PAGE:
• Waterboarding is much more terrifying to suspected terrorists than volunteers Many volunteers have subjected themselves to waterboarding. Some have described it as torture and some have described it as a milder "interrogation" technique. But, the experience of a volunteer is controlled, and is likely much more mild than the experience of a suspected terrorist who is subject to the technique for the purpose of extracting information. The main difference is that the volunteer knows they will not be killed or seriously harmed, while the suspected terrorist does not know this, and interrogaters are likely much more willing to push the limits with a suspected terrorist.


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If torture... If waterboarding is "torture" is it still OK sometimes? See Debate: Torture

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Yes

  • Torture is justified in saving lives. It is justified to use water-boarding because it saves lives. Saving lives is the first obligation of the government; "to provide for the common defense." The idea of saving lives MUST be held above ethical principles. Scenario: It would be justified for a kid in school to attack another kid if he tried to stab a lower classmate. This scenario can be applied to the US and its government. Not only is the government justified in using water-boarding, it is an obligation too as well if there is sufficient evidence that leads to the saving of lives.
  • Torture is justified in the "ticking time-bomb" scenario - There is substantial support to the notion that, from the decision-makers perspective, torture would be acceptable in the "ticking time-bomb" scenario as a means to save thousands if not millions of lives. (This argument's page provides links to general support to this argument, not detailed sub-arguments within it - below)


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No


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Punishment: Could waterboarding be a fitting punishment?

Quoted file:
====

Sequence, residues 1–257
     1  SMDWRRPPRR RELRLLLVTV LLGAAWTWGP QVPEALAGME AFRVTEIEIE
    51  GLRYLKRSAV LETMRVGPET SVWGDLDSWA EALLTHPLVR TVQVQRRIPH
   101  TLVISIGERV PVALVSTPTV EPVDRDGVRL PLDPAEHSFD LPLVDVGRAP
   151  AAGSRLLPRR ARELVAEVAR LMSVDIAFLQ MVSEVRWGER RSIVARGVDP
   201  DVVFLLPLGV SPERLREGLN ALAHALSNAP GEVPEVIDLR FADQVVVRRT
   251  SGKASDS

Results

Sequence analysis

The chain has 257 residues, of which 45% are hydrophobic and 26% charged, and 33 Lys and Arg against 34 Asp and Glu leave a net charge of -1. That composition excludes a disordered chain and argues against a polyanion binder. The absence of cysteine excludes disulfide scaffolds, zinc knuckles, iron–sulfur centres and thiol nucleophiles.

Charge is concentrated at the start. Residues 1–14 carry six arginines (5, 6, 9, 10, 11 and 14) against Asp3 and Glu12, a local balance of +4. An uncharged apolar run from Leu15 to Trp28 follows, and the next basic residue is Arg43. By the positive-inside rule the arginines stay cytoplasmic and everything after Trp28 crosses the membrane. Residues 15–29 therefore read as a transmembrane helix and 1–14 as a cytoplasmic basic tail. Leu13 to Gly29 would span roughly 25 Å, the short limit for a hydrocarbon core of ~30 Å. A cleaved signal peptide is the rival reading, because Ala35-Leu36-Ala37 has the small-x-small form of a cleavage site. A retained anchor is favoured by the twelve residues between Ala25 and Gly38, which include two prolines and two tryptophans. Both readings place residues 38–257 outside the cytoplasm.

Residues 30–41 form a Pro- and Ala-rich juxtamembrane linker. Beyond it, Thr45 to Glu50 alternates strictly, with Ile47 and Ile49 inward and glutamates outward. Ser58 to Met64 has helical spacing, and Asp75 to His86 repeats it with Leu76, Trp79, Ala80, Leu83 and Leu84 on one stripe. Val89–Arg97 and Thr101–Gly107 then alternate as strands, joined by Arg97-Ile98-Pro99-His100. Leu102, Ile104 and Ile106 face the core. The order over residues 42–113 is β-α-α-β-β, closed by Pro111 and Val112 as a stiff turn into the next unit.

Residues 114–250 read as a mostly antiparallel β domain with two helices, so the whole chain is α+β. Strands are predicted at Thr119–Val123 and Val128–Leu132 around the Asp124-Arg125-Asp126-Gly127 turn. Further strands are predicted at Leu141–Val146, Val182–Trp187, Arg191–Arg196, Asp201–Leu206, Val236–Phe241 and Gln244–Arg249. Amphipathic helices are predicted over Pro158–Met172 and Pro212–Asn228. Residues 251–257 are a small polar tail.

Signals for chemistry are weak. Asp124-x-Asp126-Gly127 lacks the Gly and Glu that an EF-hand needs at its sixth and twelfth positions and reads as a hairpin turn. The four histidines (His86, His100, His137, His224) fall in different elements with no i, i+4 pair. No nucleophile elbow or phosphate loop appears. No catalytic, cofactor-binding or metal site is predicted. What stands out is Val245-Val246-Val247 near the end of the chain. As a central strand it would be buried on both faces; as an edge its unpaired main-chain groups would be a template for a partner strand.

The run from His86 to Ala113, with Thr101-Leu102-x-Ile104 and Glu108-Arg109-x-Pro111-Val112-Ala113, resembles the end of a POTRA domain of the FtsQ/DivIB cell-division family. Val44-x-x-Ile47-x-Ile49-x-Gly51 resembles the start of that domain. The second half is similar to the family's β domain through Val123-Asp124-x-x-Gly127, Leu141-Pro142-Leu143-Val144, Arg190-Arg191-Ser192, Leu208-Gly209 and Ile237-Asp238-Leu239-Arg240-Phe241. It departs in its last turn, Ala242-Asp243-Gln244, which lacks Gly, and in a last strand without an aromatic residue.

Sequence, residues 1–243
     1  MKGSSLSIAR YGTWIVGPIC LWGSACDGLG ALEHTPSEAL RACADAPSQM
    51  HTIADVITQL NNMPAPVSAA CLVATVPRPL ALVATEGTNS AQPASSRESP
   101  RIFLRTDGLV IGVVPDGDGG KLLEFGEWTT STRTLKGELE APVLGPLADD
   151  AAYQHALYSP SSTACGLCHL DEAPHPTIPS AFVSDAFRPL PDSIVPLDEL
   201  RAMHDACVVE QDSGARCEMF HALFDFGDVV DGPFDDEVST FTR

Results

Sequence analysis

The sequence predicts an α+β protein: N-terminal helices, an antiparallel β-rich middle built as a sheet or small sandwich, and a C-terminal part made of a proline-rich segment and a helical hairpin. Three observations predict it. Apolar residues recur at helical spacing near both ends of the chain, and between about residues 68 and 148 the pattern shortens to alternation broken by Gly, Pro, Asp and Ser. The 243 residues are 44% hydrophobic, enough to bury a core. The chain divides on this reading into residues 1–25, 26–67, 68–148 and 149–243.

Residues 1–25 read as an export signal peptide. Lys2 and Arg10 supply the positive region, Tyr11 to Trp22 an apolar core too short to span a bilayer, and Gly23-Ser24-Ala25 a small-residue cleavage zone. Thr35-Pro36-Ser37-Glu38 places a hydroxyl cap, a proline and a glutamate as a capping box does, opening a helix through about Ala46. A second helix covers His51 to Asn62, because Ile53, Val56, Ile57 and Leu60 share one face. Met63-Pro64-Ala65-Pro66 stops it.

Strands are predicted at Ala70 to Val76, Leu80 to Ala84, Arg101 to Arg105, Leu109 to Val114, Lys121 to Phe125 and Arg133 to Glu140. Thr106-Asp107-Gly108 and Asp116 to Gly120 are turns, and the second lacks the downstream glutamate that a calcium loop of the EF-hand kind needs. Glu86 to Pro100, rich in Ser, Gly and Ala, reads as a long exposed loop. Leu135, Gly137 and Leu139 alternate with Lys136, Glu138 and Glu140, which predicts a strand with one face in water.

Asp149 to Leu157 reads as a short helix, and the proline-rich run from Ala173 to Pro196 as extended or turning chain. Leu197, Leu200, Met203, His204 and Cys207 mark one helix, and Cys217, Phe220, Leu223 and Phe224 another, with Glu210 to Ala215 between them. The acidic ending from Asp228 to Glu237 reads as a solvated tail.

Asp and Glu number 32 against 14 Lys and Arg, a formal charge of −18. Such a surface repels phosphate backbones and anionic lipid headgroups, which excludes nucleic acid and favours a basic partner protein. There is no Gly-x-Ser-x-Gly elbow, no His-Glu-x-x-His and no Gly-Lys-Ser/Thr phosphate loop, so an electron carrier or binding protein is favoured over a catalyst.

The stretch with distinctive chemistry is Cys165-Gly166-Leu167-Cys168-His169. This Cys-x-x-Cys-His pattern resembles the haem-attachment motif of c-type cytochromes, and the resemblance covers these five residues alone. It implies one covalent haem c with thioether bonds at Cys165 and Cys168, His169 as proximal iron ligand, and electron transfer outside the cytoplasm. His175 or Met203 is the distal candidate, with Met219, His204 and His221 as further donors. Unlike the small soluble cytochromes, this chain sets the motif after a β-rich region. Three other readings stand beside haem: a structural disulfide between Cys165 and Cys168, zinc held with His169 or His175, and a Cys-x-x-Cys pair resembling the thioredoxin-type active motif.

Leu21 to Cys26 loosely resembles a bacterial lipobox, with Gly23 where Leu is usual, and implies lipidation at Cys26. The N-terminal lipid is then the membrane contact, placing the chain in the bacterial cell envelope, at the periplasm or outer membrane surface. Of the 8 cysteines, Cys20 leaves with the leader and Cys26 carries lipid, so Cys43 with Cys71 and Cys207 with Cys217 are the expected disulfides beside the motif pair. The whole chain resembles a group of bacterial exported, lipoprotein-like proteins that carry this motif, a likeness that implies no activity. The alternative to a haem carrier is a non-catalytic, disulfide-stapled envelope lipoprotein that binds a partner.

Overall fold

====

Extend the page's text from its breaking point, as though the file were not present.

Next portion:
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Yes

  • Waterboarding justly brings a terrorist face-to-face with death - Waterboarding creates the special effect and feeling of drowning, and the inescapable fear of death. For a terrorist that wishes death upon his victims, it is just to bring him face-to-face with death through waterboarding. Considering that his victims are not given the luxury to live on, waterboarding is a a proportional punishment. And, by bringing a terrorist face-to-face with that which he wishes upon his victims, there is the remote possibility that he will ask forgiveness and seek redemption.


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No

  • Suspected information-holders cannot be punished for crimes they do not commit. While it is often claimed that a suspected terrorist is set to kill others, and thus his torture is justified, this does not necessarily make sense. The suspected terrorist in custody is not going to directly kill anyone. They are merely suspected to have information that could possibly lead to the interception of those that are threatening to kill others. The disconnect is so wide between the suspected terrorists and the victims that the notion of "punishing" the suspected terrorist in custody does not make sense.


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War on terror? Is waterboarding valuable to the war on terror?

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Yes

  • Waterboarding is highly valuable in the war on terror - Water-boarding is a highly effective interrogation method for obtaining information. It produces a very intense period of time for a terrorist or suspected terrorist that has very likely to compel a terrorist to provide information. Khalid Sheikh Mohammed is very frequently cited as an instance in which waterboarding was used very effectively, causing Mohammed to provide "treasure troves" of important intelligence that helped save lives.




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No

  • Information obtained through waterboarding is unreliable - Waterboarding creates such a state of near-death desparation and terror, the victim will do almost anything to prevent the experience from being repeated, including providing any information (even if false) to satisfy their assailants. This information, therefore, cannot be relied on as helpful in the war on terror.
  • It's not clear that waterboarding obtained good information from Khalid Sheik Mohammed - It is claimed that waterboarding obtained a "gold mine" of information from 9/11 mastermind Khalid Sheik Mohammed. But, without public knowledge of the exact information, it is not clear that this is the case. In addition, it is likely that Mohammed calculated to provide information that was not central to Al Qaeda's various missions, but that would be seen by his interrogators as a "gold mine".



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Pro/con resources

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Yes


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No


See also

External links and resources